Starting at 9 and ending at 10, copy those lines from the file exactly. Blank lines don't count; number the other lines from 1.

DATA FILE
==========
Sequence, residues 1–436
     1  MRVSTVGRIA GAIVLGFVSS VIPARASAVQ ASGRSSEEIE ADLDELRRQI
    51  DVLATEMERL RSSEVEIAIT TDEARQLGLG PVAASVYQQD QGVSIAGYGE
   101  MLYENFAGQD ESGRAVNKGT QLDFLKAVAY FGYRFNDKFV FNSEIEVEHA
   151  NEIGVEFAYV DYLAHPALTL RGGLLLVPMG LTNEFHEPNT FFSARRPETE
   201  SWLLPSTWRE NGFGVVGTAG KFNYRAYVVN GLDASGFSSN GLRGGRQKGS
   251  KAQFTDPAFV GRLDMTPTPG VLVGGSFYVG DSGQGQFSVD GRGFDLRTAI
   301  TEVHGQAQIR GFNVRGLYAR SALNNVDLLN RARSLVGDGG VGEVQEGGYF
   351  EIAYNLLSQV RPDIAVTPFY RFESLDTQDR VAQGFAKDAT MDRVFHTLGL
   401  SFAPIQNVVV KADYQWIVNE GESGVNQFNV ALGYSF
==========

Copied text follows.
   351  EIAYNLLSQV RPDIAVTPFY RFESLDTQDR VAQGFAKDAT MDRVFHTLGL
   401  SFAPIQNVVV KADYQWIVNE GESGVNQFNV ALGYSF